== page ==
Eventually, it does start to mess with your mind. Time flows wrong without the passage of seasons. I can look at a calendar and know subjectively that Halloween/a birthday/Thanksgiving/Christmas is upon us, but as soon as I glance away from the calendar, those thoughts flee like cockroaches from Thad’s shoe.

It really is strange.

The best way to remedy thoughts of it not being the holiday season is a quick trip to one of the local malls. Currently, they are all blasting carols throughout their corridors and the bigger the mall, the more massive the Christmas display erected in its center court. (We’re talking several stories high trees, snowman that look like they got make-up advice from the Joker, animatronic elves- each and every one bucktoothed, as if it is a genetic predisposition, and even small Ferris wheel that looks like it belongs to Santa himself.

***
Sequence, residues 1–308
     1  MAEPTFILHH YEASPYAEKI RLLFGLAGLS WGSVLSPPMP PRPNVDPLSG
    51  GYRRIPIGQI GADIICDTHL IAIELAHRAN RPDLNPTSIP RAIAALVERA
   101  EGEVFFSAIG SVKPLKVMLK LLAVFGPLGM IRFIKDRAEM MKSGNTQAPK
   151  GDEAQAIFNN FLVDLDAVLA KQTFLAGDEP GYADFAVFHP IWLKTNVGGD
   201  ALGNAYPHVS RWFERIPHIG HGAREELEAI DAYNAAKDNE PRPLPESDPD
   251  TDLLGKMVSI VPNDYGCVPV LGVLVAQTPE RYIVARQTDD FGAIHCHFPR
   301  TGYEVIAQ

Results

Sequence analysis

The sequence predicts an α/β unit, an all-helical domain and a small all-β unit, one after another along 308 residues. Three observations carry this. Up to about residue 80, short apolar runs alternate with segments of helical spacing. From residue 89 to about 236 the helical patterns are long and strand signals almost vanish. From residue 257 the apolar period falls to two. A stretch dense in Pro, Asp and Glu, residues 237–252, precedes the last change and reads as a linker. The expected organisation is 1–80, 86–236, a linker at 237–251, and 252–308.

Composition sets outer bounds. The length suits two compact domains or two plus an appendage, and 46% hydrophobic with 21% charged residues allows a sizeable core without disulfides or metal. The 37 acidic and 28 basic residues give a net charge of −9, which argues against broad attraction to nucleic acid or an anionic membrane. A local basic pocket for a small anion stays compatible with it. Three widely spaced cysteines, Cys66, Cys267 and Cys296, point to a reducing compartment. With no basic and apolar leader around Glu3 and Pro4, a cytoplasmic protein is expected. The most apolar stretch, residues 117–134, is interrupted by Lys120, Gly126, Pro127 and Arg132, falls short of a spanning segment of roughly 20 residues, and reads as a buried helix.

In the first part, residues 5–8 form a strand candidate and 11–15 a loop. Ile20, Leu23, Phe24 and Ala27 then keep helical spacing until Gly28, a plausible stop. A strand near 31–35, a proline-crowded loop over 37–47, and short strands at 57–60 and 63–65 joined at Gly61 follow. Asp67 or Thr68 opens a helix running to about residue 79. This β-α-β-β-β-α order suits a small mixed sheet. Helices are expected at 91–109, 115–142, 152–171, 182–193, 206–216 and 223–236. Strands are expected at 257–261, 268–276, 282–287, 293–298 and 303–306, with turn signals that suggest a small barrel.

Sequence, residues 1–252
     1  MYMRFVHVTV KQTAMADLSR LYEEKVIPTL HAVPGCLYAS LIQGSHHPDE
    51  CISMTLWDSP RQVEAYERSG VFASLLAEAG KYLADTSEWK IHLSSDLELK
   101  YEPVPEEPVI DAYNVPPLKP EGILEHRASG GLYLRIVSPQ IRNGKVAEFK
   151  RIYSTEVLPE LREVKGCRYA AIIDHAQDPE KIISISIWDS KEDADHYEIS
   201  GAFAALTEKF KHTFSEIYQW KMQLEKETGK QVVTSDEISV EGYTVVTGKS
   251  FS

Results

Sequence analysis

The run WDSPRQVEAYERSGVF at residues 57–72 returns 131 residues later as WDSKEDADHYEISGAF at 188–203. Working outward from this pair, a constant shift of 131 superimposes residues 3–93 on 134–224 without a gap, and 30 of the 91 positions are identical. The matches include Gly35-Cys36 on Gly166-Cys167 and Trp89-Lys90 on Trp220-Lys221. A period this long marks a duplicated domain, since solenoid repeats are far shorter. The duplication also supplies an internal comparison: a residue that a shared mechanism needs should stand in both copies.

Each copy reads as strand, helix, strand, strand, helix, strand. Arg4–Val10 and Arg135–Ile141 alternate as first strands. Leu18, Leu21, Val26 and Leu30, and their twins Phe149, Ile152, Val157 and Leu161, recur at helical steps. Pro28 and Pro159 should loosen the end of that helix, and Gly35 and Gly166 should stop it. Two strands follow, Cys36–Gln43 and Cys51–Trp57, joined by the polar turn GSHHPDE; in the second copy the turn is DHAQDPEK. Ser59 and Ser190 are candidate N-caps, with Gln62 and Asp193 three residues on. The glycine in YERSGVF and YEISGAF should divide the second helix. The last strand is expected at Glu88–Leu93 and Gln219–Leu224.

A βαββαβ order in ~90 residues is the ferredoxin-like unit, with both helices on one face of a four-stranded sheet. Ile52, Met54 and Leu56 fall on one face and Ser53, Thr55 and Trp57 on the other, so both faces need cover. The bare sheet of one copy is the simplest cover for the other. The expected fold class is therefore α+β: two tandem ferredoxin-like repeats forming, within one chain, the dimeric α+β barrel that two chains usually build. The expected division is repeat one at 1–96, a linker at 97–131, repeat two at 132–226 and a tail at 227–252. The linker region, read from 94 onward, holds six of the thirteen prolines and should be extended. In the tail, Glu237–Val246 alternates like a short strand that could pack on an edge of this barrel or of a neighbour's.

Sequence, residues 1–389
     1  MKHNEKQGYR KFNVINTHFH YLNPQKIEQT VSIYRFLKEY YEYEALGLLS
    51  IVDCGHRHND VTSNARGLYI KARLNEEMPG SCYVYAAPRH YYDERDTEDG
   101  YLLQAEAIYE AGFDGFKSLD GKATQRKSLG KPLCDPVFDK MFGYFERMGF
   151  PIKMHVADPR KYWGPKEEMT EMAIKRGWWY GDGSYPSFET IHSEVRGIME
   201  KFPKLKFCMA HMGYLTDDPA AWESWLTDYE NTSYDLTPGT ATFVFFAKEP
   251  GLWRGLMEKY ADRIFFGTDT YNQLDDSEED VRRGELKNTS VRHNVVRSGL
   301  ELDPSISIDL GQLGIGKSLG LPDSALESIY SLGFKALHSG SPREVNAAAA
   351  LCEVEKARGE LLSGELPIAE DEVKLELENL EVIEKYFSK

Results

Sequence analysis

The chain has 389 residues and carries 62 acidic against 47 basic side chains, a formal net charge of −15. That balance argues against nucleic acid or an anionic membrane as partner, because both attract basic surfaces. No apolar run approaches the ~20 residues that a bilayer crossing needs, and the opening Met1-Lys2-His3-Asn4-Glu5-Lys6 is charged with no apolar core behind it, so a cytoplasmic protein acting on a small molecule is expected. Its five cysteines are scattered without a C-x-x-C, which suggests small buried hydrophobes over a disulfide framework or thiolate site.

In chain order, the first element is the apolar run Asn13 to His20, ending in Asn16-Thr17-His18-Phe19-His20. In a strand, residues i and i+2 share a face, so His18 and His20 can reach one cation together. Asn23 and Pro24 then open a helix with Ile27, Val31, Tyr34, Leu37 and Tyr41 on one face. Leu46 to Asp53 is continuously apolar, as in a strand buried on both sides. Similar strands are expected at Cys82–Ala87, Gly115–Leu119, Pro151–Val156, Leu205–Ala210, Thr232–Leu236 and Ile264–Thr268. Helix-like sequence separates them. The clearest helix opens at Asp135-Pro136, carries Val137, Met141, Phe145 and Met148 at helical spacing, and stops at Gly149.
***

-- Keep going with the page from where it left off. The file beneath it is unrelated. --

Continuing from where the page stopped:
So, with December and the holidays having sneaked up so stealthily, my one wish for the man in red this year is for post #3 to have seasons. They don’t have to be long or dramatic, but seasons where the temperature fluctuates and my wardrobe requires at least a minimal rotation, maybe a nod to some cute boots or a fashionable scarf and definitely the desire for a cup of hot chocolate with whipped cream on top. I’ve been good this year, I promise, and my list is short. Seasons. Mild ones, even.

Season’s greetings, from the land of no seasons!

 

This slideshow requires JavaScript.

The Most *Fabulous* Time of the Year